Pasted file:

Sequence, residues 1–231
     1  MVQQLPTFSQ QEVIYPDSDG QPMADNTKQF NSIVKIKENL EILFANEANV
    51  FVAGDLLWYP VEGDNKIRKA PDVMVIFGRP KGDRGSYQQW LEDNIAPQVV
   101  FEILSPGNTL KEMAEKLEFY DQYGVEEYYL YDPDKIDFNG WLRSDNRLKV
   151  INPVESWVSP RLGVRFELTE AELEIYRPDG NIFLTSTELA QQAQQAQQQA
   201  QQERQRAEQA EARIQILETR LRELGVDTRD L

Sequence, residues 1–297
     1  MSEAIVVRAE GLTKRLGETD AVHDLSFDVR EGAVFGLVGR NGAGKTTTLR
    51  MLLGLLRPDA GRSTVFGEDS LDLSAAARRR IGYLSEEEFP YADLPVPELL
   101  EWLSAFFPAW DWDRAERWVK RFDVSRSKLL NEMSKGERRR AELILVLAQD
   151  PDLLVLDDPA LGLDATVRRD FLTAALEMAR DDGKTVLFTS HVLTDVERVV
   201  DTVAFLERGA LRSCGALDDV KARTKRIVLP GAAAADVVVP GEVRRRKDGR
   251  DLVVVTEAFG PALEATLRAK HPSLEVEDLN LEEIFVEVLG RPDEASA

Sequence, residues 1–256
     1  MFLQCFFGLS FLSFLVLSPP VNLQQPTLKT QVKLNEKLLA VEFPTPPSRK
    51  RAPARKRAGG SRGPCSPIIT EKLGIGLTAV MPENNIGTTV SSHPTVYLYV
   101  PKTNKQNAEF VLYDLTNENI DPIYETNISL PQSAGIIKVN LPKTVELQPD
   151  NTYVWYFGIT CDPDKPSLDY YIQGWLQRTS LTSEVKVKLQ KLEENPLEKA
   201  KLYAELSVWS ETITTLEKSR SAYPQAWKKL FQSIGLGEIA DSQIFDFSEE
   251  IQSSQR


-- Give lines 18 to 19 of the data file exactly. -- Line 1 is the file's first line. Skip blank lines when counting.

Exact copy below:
   151  NTYVWYFGIT CDPDKPSLDY YIQGWLQRTS LTSEVKVKLQ KLEENPLEKA
   201  KLYAELSVWS ETITTLEKSR SAYPQAWKKL FQSIGLGEIA DSQIFDFSEE